• T-moulding. We got the cheapest kind, which was unfinished and came at a 78″ length.
  • 1/2″ x 2″ or bits of scrap wood (all the same size) to elevate the t-moulding. May not be necessary for your particular situation.
  • Wood screws of varied lengths
  • Some way to cut the wood to size. We picked up this little saw.
  • Power drill with appropriately sized drill bits
  • Pencil
  • Measuring tape
  • Glasses to be hung
  • Willing and gracious helper. May not be strictly necessary, but is helpful.

Procedure, or Here’s what we did:

  • Before you do any cutting, I recommend contemplating the configuration you want and what your glass hanging priorities are. Get out your glasses and try different arrangements to see what works best. I would have loved to make a rack that fit both our wine glasses and our martini glasses, but the martini glass bottoms were too small to fit in a rack that fit the wine glasses. Because of the metal bar in the middle of the shelf, we couldn’t fit enough slots to hold all the glasses and we decided it was better to hold all of one kind than some of all kinds. The martini glasses were the priority, so that’s what the rack is made to fit.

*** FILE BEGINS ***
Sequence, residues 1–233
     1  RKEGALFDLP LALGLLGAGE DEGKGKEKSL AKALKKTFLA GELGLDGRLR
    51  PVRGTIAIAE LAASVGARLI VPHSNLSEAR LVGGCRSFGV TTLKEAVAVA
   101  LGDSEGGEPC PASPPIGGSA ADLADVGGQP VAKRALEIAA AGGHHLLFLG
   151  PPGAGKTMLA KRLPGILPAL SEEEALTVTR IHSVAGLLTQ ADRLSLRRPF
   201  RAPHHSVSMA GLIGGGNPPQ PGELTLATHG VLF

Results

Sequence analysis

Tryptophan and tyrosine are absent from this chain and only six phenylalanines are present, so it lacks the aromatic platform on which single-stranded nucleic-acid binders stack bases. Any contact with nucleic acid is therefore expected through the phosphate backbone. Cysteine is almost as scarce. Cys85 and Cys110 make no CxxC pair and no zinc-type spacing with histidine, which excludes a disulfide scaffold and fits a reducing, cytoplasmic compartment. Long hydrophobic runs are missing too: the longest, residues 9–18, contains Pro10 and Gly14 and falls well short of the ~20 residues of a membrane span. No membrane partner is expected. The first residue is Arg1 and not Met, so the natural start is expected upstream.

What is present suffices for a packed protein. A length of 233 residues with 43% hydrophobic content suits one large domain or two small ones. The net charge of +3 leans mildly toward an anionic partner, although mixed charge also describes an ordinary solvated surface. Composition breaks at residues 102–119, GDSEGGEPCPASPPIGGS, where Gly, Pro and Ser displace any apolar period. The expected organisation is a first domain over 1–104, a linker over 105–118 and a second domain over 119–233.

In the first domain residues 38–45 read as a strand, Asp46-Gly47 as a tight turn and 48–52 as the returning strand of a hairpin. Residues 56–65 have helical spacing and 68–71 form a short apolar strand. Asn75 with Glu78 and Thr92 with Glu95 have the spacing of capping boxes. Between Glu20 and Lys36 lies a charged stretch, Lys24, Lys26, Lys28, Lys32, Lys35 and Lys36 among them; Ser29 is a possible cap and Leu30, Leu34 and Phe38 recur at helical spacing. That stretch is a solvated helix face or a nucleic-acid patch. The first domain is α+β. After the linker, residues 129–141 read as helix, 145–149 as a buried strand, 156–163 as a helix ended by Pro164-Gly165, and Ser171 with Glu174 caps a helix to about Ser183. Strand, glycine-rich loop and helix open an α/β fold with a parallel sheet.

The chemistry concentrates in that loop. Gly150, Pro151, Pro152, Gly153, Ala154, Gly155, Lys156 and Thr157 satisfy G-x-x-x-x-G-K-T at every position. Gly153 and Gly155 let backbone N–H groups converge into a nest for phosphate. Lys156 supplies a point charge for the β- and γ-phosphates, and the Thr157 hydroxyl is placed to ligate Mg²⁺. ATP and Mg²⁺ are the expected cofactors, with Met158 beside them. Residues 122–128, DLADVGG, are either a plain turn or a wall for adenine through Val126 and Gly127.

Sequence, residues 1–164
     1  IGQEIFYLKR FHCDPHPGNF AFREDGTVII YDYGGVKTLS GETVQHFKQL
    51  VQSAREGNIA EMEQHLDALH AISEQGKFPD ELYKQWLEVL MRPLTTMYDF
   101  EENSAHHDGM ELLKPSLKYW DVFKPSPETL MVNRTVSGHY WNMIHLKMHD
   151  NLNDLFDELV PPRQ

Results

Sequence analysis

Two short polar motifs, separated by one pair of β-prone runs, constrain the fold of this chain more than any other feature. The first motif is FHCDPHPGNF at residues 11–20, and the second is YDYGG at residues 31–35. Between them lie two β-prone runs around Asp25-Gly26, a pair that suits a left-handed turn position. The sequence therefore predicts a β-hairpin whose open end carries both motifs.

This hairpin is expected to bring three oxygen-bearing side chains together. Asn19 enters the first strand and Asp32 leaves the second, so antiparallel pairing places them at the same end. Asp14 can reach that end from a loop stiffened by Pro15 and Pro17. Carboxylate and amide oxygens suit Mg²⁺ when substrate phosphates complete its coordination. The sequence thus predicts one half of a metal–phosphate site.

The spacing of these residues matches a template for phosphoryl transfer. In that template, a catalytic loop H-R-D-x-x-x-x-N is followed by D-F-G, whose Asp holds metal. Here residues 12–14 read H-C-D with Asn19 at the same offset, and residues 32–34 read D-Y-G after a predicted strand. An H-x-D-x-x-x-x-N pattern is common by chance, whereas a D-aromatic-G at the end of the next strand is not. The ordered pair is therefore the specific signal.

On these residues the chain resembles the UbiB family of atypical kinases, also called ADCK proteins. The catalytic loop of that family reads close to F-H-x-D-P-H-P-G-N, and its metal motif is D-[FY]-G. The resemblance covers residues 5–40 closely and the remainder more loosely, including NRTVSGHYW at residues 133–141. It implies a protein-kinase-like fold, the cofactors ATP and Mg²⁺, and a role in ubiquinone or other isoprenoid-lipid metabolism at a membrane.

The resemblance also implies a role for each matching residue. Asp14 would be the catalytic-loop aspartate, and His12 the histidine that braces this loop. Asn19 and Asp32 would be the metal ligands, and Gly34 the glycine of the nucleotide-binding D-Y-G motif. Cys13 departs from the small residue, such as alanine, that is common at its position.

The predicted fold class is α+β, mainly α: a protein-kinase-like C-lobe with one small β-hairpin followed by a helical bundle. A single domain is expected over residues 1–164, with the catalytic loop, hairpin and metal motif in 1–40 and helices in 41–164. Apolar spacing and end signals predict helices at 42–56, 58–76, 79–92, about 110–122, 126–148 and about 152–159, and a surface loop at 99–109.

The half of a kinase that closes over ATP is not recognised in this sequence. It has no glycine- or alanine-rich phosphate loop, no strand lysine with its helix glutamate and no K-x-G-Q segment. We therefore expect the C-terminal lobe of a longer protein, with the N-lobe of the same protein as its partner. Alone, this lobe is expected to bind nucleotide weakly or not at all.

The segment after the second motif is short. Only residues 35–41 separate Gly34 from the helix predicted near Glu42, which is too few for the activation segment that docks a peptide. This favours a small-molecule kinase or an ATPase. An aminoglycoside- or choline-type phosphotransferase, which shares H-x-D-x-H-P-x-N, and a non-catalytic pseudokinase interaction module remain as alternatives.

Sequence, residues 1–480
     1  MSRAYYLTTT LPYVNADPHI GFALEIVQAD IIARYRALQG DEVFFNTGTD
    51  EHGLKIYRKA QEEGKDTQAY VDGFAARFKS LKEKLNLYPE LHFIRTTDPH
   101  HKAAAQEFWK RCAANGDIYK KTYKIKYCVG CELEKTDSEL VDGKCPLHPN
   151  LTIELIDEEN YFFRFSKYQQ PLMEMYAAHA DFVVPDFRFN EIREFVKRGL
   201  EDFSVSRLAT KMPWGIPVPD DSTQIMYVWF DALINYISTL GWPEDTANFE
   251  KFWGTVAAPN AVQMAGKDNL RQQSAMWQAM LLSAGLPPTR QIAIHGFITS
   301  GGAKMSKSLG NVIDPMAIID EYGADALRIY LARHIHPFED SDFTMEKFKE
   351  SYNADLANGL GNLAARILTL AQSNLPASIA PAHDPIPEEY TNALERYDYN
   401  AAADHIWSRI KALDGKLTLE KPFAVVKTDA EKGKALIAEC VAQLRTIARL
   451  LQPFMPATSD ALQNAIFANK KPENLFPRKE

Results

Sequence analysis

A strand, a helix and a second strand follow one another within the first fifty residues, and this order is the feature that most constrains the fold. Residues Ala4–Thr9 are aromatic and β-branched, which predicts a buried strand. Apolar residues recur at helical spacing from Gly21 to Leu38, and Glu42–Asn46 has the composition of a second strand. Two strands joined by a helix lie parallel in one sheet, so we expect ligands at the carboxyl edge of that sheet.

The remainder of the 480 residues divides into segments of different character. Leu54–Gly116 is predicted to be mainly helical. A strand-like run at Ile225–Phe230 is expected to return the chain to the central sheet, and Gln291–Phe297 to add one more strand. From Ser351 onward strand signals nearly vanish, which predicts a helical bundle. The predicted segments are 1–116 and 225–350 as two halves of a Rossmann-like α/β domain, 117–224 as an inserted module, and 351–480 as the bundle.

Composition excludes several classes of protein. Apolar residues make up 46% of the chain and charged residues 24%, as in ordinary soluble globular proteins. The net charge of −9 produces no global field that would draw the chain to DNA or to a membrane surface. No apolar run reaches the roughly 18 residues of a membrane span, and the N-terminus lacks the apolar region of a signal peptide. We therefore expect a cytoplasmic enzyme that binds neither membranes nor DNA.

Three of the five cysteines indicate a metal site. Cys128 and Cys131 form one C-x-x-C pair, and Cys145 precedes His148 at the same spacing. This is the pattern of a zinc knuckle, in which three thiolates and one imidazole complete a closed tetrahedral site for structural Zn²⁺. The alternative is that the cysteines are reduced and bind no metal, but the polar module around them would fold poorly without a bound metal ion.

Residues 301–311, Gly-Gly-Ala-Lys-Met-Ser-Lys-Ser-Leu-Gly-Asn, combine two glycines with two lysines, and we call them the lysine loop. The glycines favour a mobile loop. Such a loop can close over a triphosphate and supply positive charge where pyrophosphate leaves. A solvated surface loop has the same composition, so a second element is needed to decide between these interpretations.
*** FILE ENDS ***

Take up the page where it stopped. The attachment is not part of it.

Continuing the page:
• Measure, mark, and cut your t-moulding and (and elevator piece if using) to size. We decided to put a 3″ piece of poplar at each end of the 13″ lengths of t-moulding. 13″ t-moulding fit the shelf and provided enough space to fit three glasses. Why 3″ pieces of poplar with one at each end? I’m not entirely sure, but I like the way it turned out.
  • Unscrew the shelf from the cart frame. If you are trying this on another kind of cart or under a cabinet, good luck. It was so much easier to do this project with the shelf laying on top of a table. If working from below, I would advise attaching the t-moulding to the elevator pieces (if using) before trying to attach everything to the rack base.
  • Lay all the pieces out for the first two piece of t-moulding and use your glasses to space the t-moulding. Mark where the elevator board pieces need to be. Since we decided to only make two slots, we weren’t as concerned with making the most out of the space we had.

Lining everything up

  • Drill pilot holes and secure the elevator board pieces with screws as you go. Continually check your alignment as you go to make sure the drilling action hasn’t skewed everything. Make sure the screws you are using are short enough that you won’t risk punching through the top of the shelf!
  • Line up your t-moulding on the elevator board pieces, drill pilot holes, and secure with screws.

Progress on bar cart wine rack.The triangle pieces of wood in each corner are used to secure the shelf to the bar cart frame.

  • Repeat the process with the second set of materials.
  • Triple check that the glasses fit in the rack without any issue and reinstall the shelf in the bar cart.